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Ireland is still sidestepping what experts say is inevitable: a bailout

Will Ireland accept a bailout and help reverse a bond sell-off among the eurozone's deficit-laden nations? The country is still refusing but so did Greece before it bowed to pressure.

A man walks past graffiti in the Mountjoy Square area of Dublin, Ireland

Plenty of Irish voters aren't happy these days

Speculation is rife about Ireland's course of action, as the country's borrowing costs last week shot to record highs on concerns of a deficit set to hit 32 percent of gross domestic product this year.

Monday kicked off with a report in the Irish Independent newspaper claiming that at a meeting of eurozone finance ministers this week, Ireland plans to ask for money from the European Union's emergency fund to rescue its banks.

Prompt denial

An Irish minister promptly fired off a denial about the country being in direct discussions about a bailout package from the European Union. While acknowledging that Ireland is in "continuous talks" with the EU about its growing debt, Dick Roche, Junior Minister for European Affairs, told Newstalk radio that it is "frankly wrong and grossly irresponsible that this story is being said and that a frenzy is being created out there."

The opposition claimed Europe had already started moves to rescue the country, but the Irish government denied it would need a bailout.

"Ireland has made no application for external support," a Finance Ministry spokesman said. "Ongoing contacts continue at official level with international colleagues in light of current market conditions."

The rumor mill is almost certain to continue with every new day of uncertainty confronting Irish banks. At the end of last month, they owed 130 billion euros ($177 billion) of outstanding European Central Bank loans, up from 119 billion euros a month earlier. Numbers being floated around as part of a bailout deal range between 50 and 77 billion euros.

Signing supporting jobs

Unemployment in Ireland has soared to 13.2 percent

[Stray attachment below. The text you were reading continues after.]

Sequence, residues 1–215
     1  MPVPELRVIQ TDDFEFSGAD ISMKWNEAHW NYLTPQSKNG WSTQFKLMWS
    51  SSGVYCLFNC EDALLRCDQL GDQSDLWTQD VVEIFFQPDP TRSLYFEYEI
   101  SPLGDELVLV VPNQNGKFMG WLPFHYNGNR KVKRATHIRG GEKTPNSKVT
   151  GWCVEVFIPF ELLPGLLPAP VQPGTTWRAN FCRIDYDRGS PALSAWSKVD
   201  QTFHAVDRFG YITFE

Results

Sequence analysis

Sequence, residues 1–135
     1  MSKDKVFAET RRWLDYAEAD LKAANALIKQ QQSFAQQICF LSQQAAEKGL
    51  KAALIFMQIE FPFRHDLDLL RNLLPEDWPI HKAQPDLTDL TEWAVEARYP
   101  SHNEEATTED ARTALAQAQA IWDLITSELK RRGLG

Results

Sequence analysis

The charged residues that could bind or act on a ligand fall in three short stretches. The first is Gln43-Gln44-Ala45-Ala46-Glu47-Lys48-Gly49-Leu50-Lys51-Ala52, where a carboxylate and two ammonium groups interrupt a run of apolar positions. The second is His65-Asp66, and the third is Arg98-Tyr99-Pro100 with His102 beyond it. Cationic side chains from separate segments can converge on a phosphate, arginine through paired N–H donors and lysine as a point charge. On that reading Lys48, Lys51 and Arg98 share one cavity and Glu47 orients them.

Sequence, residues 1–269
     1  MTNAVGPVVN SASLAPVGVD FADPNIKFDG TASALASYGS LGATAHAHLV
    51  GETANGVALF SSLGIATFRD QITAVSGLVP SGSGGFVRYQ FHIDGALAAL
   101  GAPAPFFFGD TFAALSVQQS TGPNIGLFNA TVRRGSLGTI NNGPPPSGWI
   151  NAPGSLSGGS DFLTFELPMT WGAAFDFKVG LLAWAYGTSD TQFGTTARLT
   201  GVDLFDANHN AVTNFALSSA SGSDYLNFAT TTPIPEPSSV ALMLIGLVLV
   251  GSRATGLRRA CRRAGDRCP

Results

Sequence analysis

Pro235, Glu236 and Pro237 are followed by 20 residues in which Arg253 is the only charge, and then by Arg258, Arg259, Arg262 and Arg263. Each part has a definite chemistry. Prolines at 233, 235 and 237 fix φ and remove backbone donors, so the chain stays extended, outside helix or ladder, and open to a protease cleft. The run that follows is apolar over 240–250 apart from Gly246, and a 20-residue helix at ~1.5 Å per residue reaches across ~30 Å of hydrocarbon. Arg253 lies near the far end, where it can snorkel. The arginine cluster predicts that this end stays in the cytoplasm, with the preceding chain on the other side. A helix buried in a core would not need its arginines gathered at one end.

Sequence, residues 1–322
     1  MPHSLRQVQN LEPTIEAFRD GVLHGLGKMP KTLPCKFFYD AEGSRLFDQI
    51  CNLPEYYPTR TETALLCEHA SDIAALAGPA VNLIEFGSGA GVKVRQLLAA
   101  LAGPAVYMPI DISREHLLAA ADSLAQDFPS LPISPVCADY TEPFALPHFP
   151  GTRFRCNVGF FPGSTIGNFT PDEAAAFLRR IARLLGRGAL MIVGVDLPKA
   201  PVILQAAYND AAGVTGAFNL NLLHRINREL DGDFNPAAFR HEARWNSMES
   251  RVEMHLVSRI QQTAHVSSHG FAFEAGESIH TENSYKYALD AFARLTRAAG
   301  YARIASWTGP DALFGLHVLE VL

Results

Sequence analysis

The EU is reported to be keen for Ireland to accept aid to avert a Greek-style scenario in which budget problems in one country plunge the entire eurozone into crisis.

On Monday, European Central Bank council member Miguel Angel Fernandez Ordonez prodded Ireland to make a "final decision" on its fiscal crisis in a move to calm markets. "The situation in the markets in recent weeks has been very negative due in some way to the lack of a final decision by Ireland," he told reporters in Madrid. "It's not me who should take a decision about Ireland; it's Ireland that should take the right decision at the right moment."

But the clock is ticking. "I think Ireland can hold out another three to four months maximum, and it should, hoping that some positive surprise on growth might calm the markets," Unicredit Group chief economist Marco Annunziata told Deutsche Welle. "But investors will remain nervous until the question is settled of whether or not eurozone sovereign debts might be restructured."

Stability program on track

Another European expert, who asked not to be identified, said the European finance ministers could reach a decision as early as this week to funnel funds to Irish banks.

"These funds, which would help stabilize the banks, would be seen as a limited intervention," the expert said.

There is no question about Ireland's sovereign debt, the expert added: The Irish government has no immediate need for cash, being fully funded until mid-2011, and its stability program is on track

Euro symbol in font of European Central Bank

Irish banks owe billions to the European Central Bank

Germany has also pressed for Ireland to accept aid, insiders say. Allaying investor concerns about Irish finances would help advance Chancellor Angela Merkel's plan to require investors to help pay for future rescues. European leaders, however, remain divided on Merkel's proposal, as they do on whether the ECB should keep buying bonds of debt-laden countries.

Ireland's debt problems stem largely from the country's popped real estate bubble, when its local banks lent money too freely for construction projects. On top of that was the Irish government's decision to provide a blanket guarantee to all bank creditors.

As a result, the country has experienced the worst recession of any major economy. It has amassed debt of more than 100 billion euros and is struggling with an unemployment rate of 13.2 percent.

Tough fiscal conditions

A rescue plan would be deeply unpopular with Irish voters, who value national independence and the low-tax regime that lured in foreign investment from U.S. and other non-European companies, fueling high growth rates over the past 20 years. Indeed, an EU bailout, with tough fiscal conditions attached, would be humiliating for a country once celebrated for its rags-to-riches transformation.

Not unsurprisingly, critics of Ireland's action plan – or lack thereof – are wary of the country's every move. Karel Lannoo, chief executive officer of the Centre for European Policy Studies (CEPS) in Brussels, says the country should have acted long ago to steer clear of the financial challenges it now faces. "Ireland should never have given blanket coverage to banks in the first place," Lannoo told Deutsche Welle. "And it should have let some of the banks fail."

Lannoo now questions the repercussions for Europe. "How many more of these financial disasters can we have?" he asked.

Author: John Blau
Editor: Rob Turner

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